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By Paul Kiparsky, Gilbert Youmans

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Increasing the serial vocabulary to include a third element—say L, for extra strong—only aggravates the distributional problems of the theory; clearly, the insight is that a second level of alternation has been imposed on the first, exactly the kind of situation that motivates hierarchical representation for rhythmic interactions in both language and music (notice that any tightening of the serial theory must be implicitly hierarchical; for example, £ must be characterized as a variety of S). Any further differentiation a m o n g positions, such as has been posited by Kiparsky (1977), Chen (1979), Piera (1980), and others following them, can only add to the distress of serialism.

A representation of the relative structural importance of the events in a piece has come to be known as a REDUCTION of the piece, for reasons that will become obvious in a moment. By contrast with traditional Schenkerian theory, the GTTM theory contains two distinct forms of reduction, differing both in what relationships obtain between more important and less important events and in what temporal domains structural importance is defined. In time-span reduction, the domains are the time-spans determined by grouping and metrical structure.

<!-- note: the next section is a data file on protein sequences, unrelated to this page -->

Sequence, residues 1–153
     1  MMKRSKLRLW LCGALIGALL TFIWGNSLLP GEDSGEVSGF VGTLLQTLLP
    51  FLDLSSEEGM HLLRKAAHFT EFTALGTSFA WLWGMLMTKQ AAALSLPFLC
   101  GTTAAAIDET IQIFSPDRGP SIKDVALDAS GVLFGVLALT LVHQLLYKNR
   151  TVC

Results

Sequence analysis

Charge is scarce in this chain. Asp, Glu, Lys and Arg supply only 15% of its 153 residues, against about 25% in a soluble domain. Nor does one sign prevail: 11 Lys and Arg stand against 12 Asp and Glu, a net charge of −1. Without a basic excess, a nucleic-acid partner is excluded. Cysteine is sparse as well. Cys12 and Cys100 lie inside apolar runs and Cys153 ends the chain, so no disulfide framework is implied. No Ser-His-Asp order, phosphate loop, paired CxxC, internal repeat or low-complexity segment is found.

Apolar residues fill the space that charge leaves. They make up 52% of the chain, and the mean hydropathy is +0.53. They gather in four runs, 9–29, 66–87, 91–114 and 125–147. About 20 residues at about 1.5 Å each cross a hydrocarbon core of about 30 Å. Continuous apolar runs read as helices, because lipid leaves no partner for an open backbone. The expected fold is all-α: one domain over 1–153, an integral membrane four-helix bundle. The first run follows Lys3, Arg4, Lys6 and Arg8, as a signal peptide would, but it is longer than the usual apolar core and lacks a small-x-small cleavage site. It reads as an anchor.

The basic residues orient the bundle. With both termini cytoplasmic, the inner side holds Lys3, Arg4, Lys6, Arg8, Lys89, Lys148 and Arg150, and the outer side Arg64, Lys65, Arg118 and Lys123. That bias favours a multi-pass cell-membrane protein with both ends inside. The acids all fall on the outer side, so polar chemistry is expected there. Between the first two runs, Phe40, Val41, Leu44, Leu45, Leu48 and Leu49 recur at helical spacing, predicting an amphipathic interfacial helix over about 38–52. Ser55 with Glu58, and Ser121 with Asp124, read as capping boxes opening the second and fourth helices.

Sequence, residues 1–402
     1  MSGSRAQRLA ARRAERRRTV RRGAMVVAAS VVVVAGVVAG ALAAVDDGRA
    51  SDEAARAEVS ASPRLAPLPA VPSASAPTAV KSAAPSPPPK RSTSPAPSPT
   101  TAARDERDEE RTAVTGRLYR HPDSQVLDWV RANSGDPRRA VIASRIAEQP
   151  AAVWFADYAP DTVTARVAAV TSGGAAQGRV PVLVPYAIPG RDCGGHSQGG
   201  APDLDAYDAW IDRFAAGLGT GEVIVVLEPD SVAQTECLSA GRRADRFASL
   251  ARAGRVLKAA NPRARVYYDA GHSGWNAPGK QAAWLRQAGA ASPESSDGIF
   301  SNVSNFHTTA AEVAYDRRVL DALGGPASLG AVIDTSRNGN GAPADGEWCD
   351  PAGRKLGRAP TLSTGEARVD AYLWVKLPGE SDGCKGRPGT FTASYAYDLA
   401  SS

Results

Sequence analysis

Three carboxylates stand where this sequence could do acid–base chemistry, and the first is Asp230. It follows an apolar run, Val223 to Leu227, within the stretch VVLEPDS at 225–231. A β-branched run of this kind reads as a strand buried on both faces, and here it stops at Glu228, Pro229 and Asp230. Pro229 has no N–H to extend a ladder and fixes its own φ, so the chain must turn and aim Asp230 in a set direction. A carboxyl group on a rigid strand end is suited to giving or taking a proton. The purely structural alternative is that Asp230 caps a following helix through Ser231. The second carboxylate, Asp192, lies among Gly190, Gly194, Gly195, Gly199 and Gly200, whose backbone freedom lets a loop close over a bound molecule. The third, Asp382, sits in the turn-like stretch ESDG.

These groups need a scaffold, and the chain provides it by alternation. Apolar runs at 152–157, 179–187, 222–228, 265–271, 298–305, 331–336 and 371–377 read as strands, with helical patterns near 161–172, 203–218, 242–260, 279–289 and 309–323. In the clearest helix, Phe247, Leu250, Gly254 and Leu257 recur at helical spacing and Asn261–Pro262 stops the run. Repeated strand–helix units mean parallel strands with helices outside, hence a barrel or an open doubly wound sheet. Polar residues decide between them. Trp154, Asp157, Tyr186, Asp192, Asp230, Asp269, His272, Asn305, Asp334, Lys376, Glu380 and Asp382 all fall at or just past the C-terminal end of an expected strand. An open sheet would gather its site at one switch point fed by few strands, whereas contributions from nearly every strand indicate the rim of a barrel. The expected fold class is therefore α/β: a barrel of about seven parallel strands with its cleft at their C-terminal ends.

But, as emphasized in the previous section, the metrical structure of cadences is NOT prescribed. Moreover, cadences are often not identifiable in the musical surface, but only through levels of the time-span reduction, where structurally irrelevant ornamentations have been eliminated. (For a case in which a cadence is spread over the immense span of twelve measures, the Prelude in C Major from Bach's Well-Tempered Clavier, Book I, s e e G T T M : 2 6 1 - 2 6 3 . ) These differences in the units out of which music and poetry are constructed lead to a divergence in the formalisms for expressing metrical rules in the two domains.

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